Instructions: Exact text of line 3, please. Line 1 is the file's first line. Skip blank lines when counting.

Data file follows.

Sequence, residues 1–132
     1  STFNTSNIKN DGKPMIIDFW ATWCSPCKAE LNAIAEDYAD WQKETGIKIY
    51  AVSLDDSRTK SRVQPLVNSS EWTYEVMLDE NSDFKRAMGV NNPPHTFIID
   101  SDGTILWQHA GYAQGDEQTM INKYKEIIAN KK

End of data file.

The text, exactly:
    51  AVSLDDSRTK SRVQPLVNSS EWTYEVMLDE NSDFKRAMGV NNPPHTFIID